"Inspections with Integrity"
With the naked eye you can't see the water intrusion caused by the broken pipe, but with the thermal camera you can clearly see the water along the wall and seeping through the carpet
Thermal camera caught a broken pipe underneath the concrete slab of this home causing water to seep through the carpet
The art of an IR inspection is to interpret the results as accurately and reasonably as possible such that the client is given actionable information in order to proceed with necessary repairs
Benefits of Thermal Imaging in the detection of:
• Water infiltration (roof leaks located with recent rain fall within 24~48 hours)
• Cold air infiltration
• Excessive moisture in building materials
• Stud / Joist / Beam / Rafter placement and structure
• Insulation gaps, insufficient and unevenness
• Electrical drops, panels, breakers, switches and wire connections
• Heating and cooling duct placement, insulation, air leaks
• Pipe location
• Special Inspections
o Pest infestation
o Energy audits
o Insurance claims
Thermal Imaging Limitations:
• Thermal imaging only displays surface temperatures of solid objects.
• IR detects the temperature based upon wavelength of the light emitted by the object (longer wavelength, colder). IR, therefore, does not show the temperature of objects that reflect light, (glass, shiny metal, light colored objects in direct sunlight).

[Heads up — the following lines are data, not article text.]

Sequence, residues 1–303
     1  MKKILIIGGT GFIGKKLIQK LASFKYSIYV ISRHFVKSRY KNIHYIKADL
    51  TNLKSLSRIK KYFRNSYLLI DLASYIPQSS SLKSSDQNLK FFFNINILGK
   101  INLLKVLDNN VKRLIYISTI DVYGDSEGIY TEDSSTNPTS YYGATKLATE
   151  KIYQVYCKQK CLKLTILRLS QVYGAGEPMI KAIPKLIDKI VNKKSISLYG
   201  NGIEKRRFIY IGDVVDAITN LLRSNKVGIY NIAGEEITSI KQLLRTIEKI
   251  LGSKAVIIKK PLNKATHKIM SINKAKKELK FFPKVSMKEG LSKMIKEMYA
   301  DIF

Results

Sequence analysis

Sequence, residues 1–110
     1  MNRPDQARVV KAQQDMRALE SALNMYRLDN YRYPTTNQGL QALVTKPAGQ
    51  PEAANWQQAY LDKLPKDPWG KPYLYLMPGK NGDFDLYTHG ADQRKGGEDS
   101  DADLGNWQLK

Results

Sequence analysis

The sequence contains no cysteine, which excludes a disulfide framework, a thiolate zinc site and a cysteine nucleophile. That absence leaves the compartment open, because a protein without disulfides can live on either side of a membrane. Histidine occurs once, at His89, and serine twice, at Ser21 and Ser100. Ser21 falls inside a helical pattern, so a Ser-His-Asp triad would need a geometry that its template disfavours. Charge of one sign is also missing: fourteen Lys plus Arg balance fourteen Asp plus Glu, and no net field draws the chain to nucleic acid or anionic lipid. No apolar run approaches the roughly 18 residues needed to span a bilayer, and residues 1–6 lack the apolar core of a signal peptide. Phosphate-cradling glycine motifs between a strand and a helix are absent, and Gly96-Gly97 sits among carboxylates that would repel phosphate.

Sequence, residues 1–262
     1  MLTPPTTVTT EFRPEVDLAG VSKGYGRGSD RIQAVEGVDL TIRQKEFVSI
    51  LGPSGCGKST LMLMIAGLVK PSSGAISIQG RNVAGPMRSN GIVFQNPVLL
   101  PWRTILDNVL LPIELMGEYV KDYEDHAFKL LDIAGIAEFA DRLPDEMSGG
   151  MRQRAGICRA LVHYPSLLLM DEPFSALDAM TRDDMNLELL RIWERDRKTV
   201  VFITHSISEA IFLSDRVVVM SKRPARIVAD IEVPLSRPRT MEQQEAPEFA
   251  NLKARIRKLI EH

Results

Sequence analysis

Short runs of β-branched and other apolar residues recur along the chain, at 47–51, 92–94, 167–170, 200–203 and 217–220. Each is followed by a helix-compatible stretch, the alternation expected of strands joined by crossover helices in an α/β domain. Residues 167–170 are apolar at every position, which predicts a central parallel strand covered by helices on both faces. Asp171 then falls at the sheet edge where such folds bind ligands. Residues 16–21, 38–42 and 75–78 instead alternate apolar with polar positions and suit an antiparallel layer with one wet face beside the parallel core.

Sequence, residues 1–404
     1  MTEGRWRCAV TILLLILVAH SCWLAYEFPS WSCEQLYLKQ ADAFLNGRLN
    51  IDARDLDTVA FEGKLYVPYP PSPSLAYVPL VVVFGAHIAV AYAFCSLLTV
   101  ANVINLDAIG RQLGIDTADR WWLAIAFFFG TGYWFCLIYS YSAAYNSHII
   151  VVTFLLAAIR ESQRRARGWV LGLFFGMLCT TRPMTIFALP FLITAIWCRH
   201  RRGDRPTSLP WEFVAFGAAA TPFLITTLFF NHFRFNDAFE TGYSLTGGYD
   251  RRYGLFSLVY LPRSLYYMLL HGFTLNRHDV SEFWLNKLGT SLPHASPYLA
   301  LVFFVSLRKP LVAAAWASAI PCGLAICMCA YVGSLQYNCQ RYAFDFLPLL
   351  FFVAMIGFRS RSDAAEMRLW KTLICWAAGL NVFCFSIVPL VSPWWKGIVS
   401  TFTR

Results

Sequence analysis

• IR, does not “see through walls”, but only displays the very slight differences in surface temperature of the wall. Images of areas “behind” and not in contact with walls depends upon the temperature difference of the area. It is easier to see “hot” objects because they will be radiating heat to the not-in-contact surface. See pictures below for how IR is still incredibly useful.
• Careful adjustment of the range of temperatures displayed is important to proper imaging and interpretation
Infrared cameras translate the heat signatures of objects into colors on a gradient scale, with higher temperatures appearing as lighter colors, and lower temperatures and wet areas appearing as darker colors. Also known as thermal imaging and thermography, IR technology captures the light that exists just outside the visible spectrum. Thermal images show surface-heat variations, which is why an IR camera is such a diverse tool for commercial and home inspections that can be used for a variety of applications. Abnormally hot electrical components and connections can be viewed during an electrical inspection. Areas of moisture that may lead to leaks and structural damage can be located based on apparent temperature differences. Heat loss and air leakage in a building envelope, and even areas of insufficient insulation, can be pinpointed quickly and accurately during an energy audit. Below are just a few examples of the benefit of thermal imaging .
Infrared Thermal Imaging
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